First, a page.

Red Clover


Red Clover (Trifolium pratense) Jetel luční 

Red clover can be found from mid to late summer in almost any empty field here in S. Bohemia. Pick from the center of an unsprayed field, not by edges of a field where cars or pets could have been. The flower heads and top leaves should be harvested when the flowers are a vibrant purple with no brown spots. Dry the flowers in a dehydrator or on trays in a warm dry area. Discard any brown flower heads and store the dried flowers in airtight jars or boxes.

Red Clover is an excellent addition to teas and can also be used in tinctures and salves.

Medicinal Actions: blood purifier, antitussive, antispasmodic, anti-inflammatory, anticancer, affinity for cleansing metabolic waste, affinity for disorders of the skin, eases symptoms during menopause. 



Plantain (Plantago major, Plantago lanceolata) Jitrocel

Considered an invasive weed, Plantain is a mainstay in my herbal repertoire. You literally cannot go 5 feet in our area without seeing a patch of plantain. It thrives on bad soil and cramped quarters. Poking out of stone pathways and asphalt, plantain is OK with neglect. I harvest plantain in the forest where big patches of gorgeous green leaves grow. I prefer this plantain as it hasn’t been mussed by car exhaust and pets.

Plantain is excellent chewed up and used as a poultice on a fresh bee sting or mosquito bite. It is great famine food if you are on a hike and super hungry. Its seeds are the producers of psyllium, for when you are a bit blocked up.

Harvest plantain when you can, dry it and use it throughout the year in teas, as poultices and in salves or oils.

Medicinal Actions: antitoxin, draws out toxins from the body, demulcent, antibacterial, anti-inflammatory, affinity for easing itchiness, rich in tannins (helps draw tissues together to stop bleeding) and allantoin (a compound that promotes healing of injured skin cells)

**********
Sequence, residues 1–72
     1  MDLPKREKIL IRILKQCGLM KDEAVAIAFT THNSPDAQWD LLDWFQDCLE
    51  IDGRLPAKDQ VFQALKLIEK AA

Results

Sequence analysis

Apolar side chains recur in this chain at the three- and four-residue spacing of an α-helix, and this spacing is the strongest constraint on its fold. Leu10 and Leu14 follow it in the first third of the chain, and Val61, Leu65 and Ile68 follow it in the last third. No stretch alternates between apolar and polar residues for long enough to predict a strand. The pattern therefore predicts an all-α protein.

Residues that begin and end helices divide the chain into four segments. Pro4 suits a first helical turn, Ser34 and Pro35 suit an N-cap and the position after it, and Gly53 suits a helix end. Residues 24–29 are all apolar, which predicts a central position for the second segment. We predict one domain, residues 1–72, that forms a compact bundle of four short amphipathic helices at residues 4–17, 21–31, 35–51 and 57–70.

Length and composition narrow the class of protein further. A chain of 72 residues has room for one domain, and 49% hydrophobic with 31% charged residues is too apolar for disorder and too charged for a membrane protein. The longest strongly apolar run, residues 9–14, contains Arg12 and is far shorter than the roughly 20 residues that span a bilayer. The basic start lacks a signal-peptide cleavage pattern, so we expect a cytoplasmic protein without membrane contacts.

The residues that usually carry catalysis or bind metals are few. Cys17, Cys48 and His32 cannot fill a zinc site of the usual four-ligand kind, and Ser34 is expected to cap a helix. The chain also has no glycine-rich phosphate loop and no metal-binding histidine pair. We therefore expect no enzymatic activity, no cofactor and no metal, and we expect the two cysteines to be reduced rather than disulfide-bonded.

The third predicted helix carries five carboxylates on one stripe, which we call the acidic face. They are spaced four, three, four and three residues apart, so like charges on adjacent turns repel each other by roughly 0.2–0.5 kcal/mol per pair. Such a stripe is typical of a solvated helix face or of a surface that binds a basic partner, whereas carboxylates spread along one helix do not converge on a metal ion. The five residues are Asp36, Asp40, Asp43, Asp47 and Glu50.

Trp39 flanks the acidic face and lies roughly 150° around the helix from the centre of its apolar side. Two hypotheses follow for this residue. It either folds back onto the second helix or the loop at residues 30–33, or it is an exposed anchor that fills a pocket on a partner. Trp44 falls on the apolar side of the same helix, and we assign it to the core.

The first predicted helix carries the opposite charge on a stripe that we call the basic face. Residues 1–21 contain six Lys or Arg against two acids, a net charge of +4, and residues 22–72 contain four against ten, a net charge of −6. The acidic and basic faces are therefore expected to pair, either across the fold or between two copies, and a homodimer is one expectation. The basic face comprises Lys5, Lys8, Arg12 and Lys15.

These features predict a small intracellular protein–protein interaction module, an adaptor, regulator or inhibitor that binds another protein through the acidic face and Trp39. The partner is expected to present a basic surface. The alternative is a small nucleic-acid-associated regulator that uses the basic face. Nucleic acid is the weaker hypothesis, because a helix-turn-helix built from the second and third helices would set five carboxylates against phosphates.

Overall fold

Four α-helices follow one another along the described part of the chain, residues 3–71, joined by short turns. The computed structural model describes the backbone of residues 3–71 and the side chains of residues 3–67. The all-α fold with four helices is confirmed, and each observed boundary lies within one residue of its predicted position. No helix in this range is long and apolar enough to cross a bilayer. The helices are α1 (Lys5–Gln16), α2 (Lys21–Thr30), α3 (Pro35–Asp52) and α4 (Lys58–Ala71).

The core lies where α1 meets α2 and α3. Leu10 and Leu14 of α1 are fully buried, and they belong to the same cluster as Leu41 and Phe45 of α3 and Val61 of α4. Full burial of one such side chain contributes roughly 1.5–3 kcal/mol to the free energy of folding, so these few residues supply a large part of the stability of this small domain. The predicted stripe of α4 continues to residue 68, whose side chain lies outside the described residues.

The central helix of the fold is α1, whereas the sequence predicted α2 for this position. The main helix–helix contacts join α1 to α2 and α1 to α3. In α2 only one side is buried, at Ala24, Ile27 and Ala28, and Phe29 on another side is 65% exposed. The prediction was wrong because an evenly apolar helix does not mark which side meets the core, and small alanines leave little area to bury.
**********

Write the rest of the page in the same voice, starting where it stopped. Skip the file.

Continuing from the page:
Comfrey (Symphytum) Kostival

Comfrey has been used for centuries as a powerful vulnerary. Its use as a healing plant has been written about since 50 AD. In folk medicine it is referred to as knitbone as it has a special affinity for bones and sinewy structures and is the perfect remedy for sprains, strains, bumps and broken bones. I have saved my stubbed toes so often with Comfrey.  Wrapping a sprained ankle in fresh Comfrey leaves overnight will bring about great results the next morning. Comfrey grows all around us in the forest where I live. I grow it in my garden, as well. Near by, there are man-made lakes that seem to attract Comfrey near the banks. I have found two types of Comfrey which are Symphytum officinale and Symphytum tuberosum. S.tuberosum is much smaller with yellow flowers and is documented as a much stronger plant medicinally. This I have begun to cultivate in my garden, but in the forest near my home along the banks of the Vltava River, it grows in abundance in May.  I pick it in bushels and dry it, make oils and salves from it and rub it on any wounded person I meet!

Medicinal Actions: speeds healing due to its concentration of allantoin which promotes granulation and cell regeneration,  it is high in Vitamin C and Calcium and is anti-inflammatory.

Safety note: due to its high levels of pyrrolizidine it should not be taken internally as it could damage the liver in extreme cases. It should not be put on open and infected wounds as it heals so rapidly that it will close up a wound with the infection still inside.


Burdock (Arctium tomentosum) Lopuch

Burdock grows right next to the Comfrey I find lining the path to the forest. It is a biennial plant that produces leaves and thistle flowers that turn into the coolest sticky burrs you’ll ever see. These burrs were the inspiration for the invention of Velcro due to their hooks. We spend many fall walks throwing them at each other to see how many we can get to stick. The roots are harvested the first year in the fall and the flower heads (fruits) are harvested the following fall.

Burdock root is most useful for urinary tract disorders and for blood and lymph cleansing. It has been used for ages in Asian cuisine and is a delicious and nutritious food. Traditional Chinese Medicine has inspired the use of this herb, and it is now well known in Western Hebalism.